In regard to the access to information, various international organizations like Centre for Law and Democracy (CLD), Canada and Access Info Europe have developed frameworks for assessing the implementation of Right to Information. With the objective of ensuring that RTI compliance assessment is fair and accurate, CLD has come up with Civil Society Parallel Assessment of compliance with SDG Indicator 16.10.2 taking ten Canadian public authorities for the exercise. The overall analysis of implementation is based on proactive disclosure, Institutional measures and responding to request for Information.
Similarly, Access Info Europe has developed the framework for the assessment of RTI implementation on the basis of appointment of Public Information Officer, RTI implementation plan, guidelines for receiving and responding to info requests and preparation and publication of annual report and RTI training to PIOs, among others.
National Information Commission of Nepal has also initiated a practice of RTI audit of public agencies to gauge the status of RTI compliance. The three references could be taken as model for the country to develop a systematic assessment of RTI.
In conclusion, the issues of safety of journalists and access to information are the central elements of SDG. However, both the issues have been brazenly ignored as there seems no attention so far to mainstream the agenda into the national plan and programme. Clear, comprehensive and disaggregated national baseline is missing in NPC documents. Reporting timeline of SDG Goal 16.10.1 and 2 is also not visible which lacks commitment to advance the agenda.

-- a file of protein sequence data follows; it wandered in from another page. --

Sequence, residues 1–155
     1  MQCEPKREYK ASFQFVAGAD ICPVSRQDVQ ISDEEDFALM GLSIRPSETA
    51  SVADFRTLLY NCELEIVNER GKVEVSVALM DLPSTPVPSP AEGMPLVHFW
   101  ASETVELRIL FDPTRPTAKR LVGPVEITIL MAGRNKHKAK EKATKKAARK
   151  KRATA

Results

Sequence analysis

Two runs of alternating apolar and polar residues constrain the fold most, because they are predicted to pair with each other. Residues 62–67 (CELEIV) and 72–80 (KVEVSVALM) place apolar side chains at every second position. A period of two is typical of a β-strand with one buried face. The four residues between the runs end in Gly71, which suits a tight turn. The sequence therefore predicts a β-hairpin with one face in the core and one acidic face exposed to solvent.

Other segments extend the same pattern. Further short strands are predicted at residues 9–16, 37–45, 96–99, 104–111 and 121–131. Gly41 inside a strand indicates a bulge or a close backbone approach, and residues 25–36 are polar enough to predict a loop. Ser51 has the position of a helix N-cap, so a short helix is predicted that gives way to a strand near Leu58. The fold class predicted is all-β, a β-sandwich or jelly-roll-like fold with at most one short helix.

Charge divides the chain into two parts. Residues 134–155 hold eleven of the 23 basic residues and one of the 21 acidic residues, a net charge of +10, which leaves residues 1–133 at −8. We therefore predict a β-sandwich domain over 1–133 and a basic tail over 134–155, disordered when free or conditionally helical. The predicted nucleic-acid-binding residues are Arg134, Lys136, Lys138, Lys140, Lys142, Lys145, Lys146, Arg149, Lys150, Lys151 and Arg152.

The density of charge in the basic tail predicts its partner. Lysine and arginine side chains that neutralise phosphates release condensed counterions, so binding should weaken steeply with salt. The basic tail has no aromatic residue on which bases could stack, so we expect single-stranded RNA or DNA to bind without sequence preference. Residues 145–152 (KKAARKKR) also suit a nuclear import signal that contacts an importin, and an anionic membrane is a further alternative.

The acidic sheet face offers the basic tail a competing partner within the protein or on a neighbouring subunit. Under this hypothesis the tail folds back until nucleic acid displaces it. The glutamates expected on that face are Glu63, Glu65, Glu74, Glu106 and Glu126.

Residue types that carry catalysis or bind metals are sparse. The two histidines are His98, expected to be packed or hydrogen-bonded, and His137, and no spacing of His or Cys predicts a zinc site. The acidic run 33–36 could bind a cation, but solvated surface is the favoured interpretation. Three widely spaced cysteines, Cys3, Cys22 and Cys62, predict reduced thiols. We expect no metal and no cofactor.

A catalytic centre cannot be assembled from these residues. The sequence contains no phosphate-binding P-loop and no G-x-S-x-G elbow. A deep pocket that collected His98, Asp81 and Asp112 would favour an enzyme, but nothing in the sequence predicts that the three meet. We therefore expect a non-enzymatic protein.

As SDG is the shared responsibility of all sectors, the partnership mechanism among the multiple actors such as government and CSO is to be given high premium. There should be two separate working groups, one on safety of journalists and another on access to information. A comprehensive national advocacy plan should be charted out from the end of CSOs working on the issues. The legal and institutional mechanisms should be expanded for RTI implementation at federal and local levels.
Furthermore, the concerned government agency should continue holding dialogue with other actors and use data related to safety of journalists and access to information produced by monitoring agencies to develop baseline on the issues.
Without adequately addressing these pressing issues related to free press and access to information, there will be an incomplete ‘tightrope walking’ on SDGs. RSS